May 05, 2022, 08:22 ET
Study at renowned Turek Clinic highlights need for precision diagnostics to make microTESE surgeries safer long-term
LOS ANGELES, May 5, 2022 /PRNewswire/ -- New research reveals the risk of long-term testosterone impairment for men undergoing microTESE, a popular surgery that enables men with nonobstructive azoospermia to become fathers. Led by Dr. Paul Turek, the study points to the need for precision diagnostics prior to invasive sperm retrieval surgeries.
"The surgical complication that worries me most is lowering men's testosterone levels for life," says Dr. Paul Turek, Director and Founder of The Turek Clinic, a men's health medical practice and senior author of newly published research in the Journal of Reproduction and Genetics that addresses the subject. He added, "It's the other job of the testicle to make testosterone, and this process is at risk when sperm retrieval surgeries are undertaken 'blindly,' that is without diagnostic guidance."
The study compared testosterone levels in men before and after blind microTESE (microdissection testicular sperm extraction) surgical procedures. The goal was to define what proportion of men did not recover testosterone levels after having surgery and how many might require lifelong testosterone replacement.
More than 700 patients from around the world who had had microTESE procedures and were then seen at The Turek Clinic were recruited over a 9-year period. Conditions that lower testosterone levels such as age and obesity were taken into consideration. Testosterone and other reproductive hormones were compared before microTESE procedures and an average of 26 months afterward.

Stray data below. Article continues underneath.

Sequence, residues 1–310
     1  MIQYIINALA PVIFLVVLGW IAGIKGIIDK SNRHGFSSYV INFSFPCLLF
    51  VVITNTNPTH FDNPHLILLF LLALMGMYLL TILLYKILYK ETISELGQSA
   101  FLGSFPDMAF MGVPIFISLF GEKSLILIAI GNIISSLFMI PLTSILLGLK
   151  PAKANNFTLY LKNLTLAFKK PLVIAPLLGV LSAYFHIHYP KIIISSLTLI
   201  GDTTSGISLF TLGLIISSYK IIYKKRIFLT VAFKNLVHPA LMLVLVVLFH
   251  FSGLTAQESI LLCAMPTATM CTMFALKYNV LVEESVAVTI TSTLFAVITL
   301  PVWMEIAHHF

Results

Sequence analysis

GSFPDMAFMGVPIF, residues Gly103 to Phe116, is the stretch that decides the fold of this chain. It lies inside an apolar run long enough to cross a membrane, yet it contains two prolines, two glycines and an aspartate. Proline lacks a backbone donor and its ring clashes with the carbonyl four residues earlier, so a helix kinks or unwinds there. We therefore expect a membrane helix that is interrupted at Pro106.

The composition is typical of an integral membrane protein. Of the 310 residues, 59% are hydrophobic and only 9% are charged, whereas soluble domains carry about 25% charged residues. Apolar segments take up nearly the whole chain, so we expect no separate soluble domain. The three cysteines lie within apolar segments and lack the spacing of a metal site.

The study found no significant differences in baseline testosterone levels between microdissection patients (n=26) and sterile controls (n=52). However, men who had microTESE procedures showed a significant decrease in mean testosterone levels after surgery. In addition, among men with normal testosterone balance (>300ng/dL) before microTESE procedures, more than one third (36%) had clinically low testosterone levels (<300ng/dL) at an average of 2 years after the procedure.
"Our findings show that microTESE procedures, when done blind, can cause serious and potentially permanent impairments to testosterone production by the testicle," noted Dr. Turek. "A diagnostic technology such as Sperm Mapping when performed before surgical sperm retrieval 'unblinds' the process by informing it about sperm presence and location, minimizing the need for and extent of microTESE procedures and thereby reducing the risk to testosterone levels."
Sperm Mapping, also known as "FNA Mapping" or "Testicular Mapping" is a minimally invasive technique that locates sperm in "hidden" areas of the testes that may go undetected in conventional sperm extraction procedures.
About Paul Turek, MD
Dr. Paul Turek is founder of The Turek Clinic, leading male fertility and sexual health clinics for men worldwide. He is former Endowed Chair Professor at the University of California San Francisco and inventor of sperm mapping for the treatment of severe male infertility. As a master microsurgeon, he popularized the No-Scalpel Vasectomy and has among the highest published vasectomy reversal success rates. He received a prestigious National Institutes of Health (NIH) grant and is an advisor to the NIH and Centers for Disease Control and Prevention. For more information, visit TheTurekClinic.com.
SOURCE The Turek Clinic
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